Economic Analysis & Policy



The poultry market is perfectly competitive. The diagram below shows the market demand (Dm)for and market supply (Sm) ofpoultry. Price ($)


Dm _ _ _ _ _ _ _ _ _ _ _ _ _ _ _ Output

(a) Copy the diagram on to your exam answer booklet, and in it indicate the equilibrium market price and output. (2 marks) (b) Is the equilibrium output in (a) also the allocative efficient output? Explain briefly. (2 marks)

Suppose all poultry farms were taken over by a firm and as a result this firm has become the SOLE producer ofpoultry meats. (c) Assuming no change in cost or demand conditions, derive the profit maximisation price and output of the firm on a separate diagram. Explain your answer. (3 marks) (d) Using the concepts of consumer and producer surplus, illustrate and explain the impacts of the takeover on the welfare of consumers, producers, and society as a whole. (3 marks) (e) Based on the above answers, would you say equilibrium and allocative efficiency are the same or different concepts? Explain. (3 marks) (I) Suggest one pricing strategy by which the firm can increase its profit and maximise net social welfare at the same time. Illustrate and explain your answer. (3 marks) TOTAL MARKS FOR THIS QUESTION = 16 MARKS


Economic Analysis & Policy

Vol.33 No.1, March 2003





(Exchange) <;::==IDO Prod,.U, cer





Value Max

.... , ' ,,, ' ' , ,, ,, ,



., , ,


-; -:'1


I'':! ....:,





, ,



Vol.J3 No.1, March 2003

Economic Analysis & Policy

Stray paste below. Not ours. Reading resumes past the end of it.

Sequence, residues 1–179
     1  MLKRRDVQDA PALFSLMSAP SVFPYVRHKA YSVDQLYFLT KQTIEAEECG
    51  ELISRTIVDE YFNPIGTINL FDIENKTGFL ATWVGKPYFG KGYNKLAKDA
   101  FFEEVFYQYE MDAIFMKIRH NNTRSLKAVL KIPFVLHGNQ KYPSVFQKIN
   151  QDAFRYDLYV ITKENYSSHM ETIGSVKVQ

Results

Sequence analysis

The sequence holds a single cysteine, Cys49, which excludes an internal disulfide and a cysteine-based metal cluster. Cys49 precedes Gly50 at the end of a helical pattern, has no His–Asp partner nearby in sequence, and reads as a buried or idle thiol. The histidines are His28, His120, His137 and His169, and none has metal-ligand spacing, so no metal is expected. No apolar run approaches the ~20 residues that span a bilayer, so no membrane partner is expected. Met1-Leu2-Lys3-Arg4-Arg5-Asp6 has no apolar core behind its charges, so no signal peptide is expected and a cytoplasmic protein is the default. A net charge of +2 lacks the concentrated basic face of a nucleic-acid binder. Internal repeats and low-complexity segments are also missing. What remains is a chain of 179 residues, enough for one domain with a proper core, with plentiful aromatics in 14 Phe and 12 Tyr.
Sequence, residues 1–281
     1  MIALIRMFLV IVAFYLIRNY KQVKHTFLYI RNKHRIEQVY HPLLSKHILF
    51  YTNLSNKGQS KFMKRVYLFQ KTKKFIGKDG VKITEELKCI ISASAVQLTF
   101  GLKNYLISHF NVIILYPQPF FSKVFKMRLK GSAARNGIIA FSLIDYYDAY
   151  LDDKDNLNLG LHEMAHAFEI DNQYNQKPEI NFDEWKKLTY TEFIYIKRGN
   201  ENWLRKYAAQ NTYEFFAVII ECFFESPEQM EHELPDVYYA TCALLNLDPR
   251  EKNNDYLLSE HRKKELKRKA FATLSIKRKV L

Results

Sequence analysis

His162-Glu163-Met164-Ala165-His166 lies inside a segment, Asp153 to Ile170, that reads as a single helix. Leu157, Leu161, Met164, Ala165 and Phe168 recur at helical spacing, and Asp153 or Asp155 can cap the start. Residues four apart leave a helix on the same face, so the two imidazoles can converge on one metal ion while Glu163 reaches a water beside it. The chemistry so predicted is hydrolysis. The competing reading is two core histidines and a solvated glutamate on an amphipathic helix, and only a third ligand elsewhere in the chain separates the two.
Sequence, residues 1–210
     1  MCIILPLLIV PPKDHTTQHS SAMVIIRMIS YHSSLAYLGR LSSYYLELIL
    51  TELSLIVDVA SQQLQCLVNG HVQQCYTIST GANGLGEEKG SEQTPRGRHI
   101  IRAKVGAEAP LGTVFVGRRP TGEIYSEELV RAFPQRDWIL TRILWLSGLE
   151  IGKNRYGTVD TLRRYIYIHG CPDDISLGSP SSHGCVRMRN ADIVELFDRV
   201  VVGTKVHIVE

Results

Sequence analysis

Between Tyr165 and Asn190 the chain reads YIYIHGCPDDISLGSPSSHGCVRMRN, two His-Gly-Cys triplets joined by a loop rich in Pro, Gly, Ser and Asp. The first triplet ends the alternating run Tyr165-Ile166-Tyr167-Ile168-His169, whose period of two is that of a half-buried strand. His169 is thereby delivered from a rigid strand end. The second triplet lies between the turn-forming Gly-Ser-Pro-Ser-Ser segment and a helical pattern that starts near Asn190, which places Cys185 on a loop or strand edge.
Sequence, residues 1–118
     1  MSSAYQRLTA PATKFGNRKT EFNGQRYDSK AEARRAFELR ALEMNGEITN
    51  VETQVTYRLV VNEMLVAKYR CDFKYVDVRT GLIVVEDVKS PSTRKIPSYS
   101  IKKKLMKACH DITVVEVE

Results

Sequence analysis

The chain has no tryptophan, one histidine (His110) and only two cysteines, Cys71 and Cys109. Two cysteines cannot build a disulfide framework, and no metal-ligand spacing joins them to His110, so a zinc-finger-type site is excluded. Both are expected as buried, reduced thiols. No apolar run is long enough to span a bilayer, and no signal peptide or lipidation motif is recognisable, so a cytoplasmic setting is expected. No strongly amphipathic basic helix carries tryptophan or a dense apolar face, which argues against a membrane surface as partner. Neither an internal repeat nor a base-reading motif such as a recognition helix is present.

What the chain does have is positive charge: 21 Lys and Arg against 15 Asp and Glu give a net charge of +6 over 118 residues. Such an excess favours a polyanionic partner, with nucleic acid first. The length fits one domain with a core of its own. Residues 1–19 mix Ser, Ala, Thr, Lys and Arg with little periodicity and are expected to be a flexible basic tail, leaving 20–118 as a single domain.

REFERENCES AVCC (1992), Academic Standards in Higher Education: Report ofthe Australian Vice-Chancellors' Committee: Report of the Academic Standards Panel, Economics, Canberra. Becker, W,E. and W. B. Walstad (1987), Econometric Modelling in Economic Education Research, Statistical methods in Economic Education Research, W.E. Becker and W .B, Walstad, Boston, Kluwer Nijhoff Publishing: 1-18. Dahlgren, L.a. (1997), Learning Conceptions and Outcomes. The Experience of Learning (second edition), N, Entwistle, Scottish Academic Press: 23-38. Hansen, W L. (1990), "What Knowledge Is Most Worth Knowing?" Uberal Education 76(4): 22-25. Hansen, W.L. (2000),"Expected Proficiencies for Undergraduate Economics Majors" , Keynote Speech, Scholarship of Teaching Economics Conference, July 13-14, 2000, University of Melbourne. Marton,F. (1 988),Describing and Improving Leaming, Learning Styles and Learning Strategies, R. R. Schmeck, New York, Plenum Press. Marton, F, and P, Ramsden (1988), What Does it Take to Improve Teaching? Improving Learning - New Perspectives, P.Ramsden, Kogan Page: 268-286. Parry, G. and C. Reynoldsen (2001), "Economics in the MBA Curriculum Encouraging Higher Level Engagement: an Update", Paper presented at the 30th Conference of Economists, Perth, Sept 23-26, 2001, Pong, W.Y. (1999), "The Dynamics of Awareness", Paper presented at 8th European Conference for Learning and Instruction August24-28, 1999,Goteborg University, Goteborg, Sweden. Shanahan, M.F., Christopher; Cowie, Judy; Round, David K.; and R.B. McIver, Steven (1997), "Beyond the 'Input-Output' Approach to Assessing Determinants of StUdent Performance in University Economics: Implications from Student Learning Centred Research", Australian Economic Papers, Special Issue: 1737. Siegfried, JJ. and D.K. Round (1994), "The Australian Undergraduate Economics Degree: Results from a survey of students", Economic Record, 70(209): 192-201, Siegfried, JJ., P, Saunders, et al. (1996), "Teaching Tools: How is Introductory Economics Taught in America?" Economic Inquiry, 34(1): 182-8. Svensson, L. (1989), "The Conception of Cases of Physical Motion", European Journal of Psychology of Education, 4(4): 529-545. Tang, T. (2001), "External versus Internal Research Methodology in Economics Education", Paper presented at the 30th Conference of Economists, Perth, Sept 23-26,2001. Voss,) ,F.,J.Blais, et al. (1986), "Informal Reasoning and Subject Matter Knowledge in the Solving of Economics Problems by Naive and Novice Individuals", Cognition and Instruction, 3(4): 269 - 302. Walstad, W .B. (2000), "Improving the Assessment ofStudent Learning in University Economics", Paper presented at the Scholarship of Teaching Economics Conference, July 13-14,2000, University of Melbourne.